It takes a considerable amount of bravery to be in the process of moving an organization from waterfall to agile and to ask questions at most agile meetups and conferences. Nowhere in the universe are you more likely to be told that everything you do, everything you think, everything you are is simply wrong. This is one of my biggest pet peeves.
Somewhere, someone must have printed a checklist entitled “Think You’re Doing Scrum?” that looks like:
- Test-driven Design?
- Pair coding?
- T&M contracts only (no fixed bid)?
- No managers?
- No PMs?
- The entire team talks to the client regularly?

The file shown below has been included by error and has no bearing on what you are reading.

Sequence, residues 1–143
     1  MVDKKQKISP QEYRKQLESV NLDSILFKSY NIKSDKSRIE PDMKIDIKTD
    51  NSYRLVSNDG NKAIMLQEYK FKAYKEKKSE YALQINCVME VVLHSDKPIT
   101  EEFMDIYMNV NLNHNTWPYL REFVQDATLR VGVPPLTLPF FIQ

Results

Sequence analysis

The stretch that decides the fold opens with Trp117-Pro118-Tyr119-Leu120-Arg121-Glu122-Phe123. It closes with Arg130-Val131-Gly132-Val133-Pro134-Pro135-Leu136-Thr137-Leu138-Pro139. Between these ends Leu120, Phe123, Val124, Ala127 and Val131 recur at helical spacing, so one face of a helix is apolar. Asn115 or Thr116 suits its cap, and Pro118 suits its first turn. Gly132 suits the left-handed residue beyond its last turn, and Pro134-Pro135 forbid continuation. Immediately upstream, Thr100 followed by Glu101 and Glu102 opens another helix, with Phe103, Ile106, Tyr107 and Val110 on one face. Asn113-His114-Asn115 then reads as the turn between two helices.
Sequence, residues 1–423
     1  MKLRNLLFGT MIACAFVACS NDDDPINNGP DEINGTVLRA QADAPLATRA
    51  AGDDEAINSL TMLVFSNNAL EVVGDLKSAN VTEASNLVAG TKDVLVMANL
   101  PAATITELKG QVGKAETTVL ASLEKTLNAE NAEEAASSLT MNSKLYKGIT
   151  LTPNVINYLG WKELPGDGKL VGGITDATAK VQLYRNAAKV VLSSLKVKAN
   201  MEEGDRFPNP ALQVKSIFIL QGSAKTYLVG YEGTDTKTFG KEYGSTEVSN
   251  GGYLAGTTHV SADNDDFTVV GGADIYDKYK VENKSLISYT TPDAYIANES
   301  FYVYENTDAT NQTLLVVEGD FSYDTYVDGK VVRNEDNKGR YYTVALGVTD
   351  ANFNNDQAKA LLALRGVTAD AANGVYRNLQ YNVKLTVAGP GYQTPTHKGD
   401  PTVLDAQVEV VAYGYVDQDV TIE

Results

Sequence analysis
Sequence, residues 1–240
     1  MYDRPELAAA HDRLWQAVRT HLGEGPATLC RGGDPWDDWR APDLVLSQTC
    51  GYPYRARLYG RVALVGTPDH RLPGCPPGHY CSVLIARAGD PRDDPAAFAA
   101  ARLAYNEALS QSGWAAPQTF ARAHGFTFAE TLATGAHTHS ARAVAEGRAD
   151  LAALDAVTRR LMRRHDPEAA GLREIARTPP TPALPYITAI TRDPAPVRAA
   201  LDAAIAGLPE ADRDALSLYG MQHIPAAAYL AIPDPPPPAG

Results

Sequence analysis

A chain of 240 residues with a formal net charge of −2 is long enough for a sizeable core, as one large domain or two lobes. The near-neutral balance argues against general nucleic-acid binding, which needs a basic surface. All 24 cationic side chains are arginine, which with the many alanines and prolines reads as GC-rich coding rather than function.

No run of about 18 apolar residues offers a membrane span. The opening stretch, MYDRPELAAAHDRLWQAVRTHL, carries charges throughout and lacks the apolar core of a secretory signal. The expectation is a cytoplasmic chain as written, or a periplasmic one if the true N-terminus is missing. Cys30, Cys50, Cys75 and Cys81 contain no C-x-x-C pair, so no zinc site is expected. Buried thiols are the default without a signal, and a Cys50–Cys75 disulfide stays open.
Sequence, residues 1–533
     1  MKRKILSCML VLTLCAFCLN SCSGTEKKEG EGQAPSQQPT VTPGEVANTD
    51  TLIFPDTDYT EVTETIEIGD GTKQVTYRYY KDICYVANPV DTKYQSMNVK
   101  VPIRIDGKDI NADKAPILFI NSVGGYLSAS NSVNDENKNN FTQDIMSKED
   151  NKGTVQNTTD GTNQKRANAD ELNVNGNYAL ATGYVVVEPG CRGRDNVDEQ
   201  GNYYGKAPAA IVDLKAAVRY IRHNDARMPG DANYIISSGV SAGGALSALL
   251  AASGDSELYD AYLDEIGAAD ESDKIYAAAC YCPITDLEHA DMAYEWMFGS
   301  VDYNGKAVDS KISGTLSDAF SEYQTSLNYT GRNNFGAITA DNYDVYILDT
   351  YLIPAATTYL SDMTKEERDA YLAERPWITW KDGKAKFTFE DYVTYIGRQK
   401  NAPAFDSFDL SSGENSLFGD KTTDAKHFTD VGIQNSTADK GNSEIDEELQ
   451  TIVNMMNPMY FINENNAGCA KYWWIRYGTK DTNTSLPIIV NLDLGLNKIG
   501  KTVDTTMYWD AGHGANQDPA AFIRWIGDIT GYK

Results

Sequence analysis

And if you don’t have all of those checked off, you’re absolutely not “doing Agile.” This really hurts the conversation; it makes the more tentative of us not want to speak up and it derails the discussion amongst those with a more mature viewpoint of how change works in an organization.
I suspect that most of the folks thinking that way have failed to really absorb some of the core concepts involved in doing almost any flavor of agile delivery—not the least of which being the ability to adapt to your delivery needs.
I invite all of you to remember a basic tenet of Scrum, that of constantly seeking to improve one or two things from your delivery. Sure, it sounds wonderful to scrap everything and start over, but that’s not iterative; changing inexorably toward agile…that’s what it’s all about.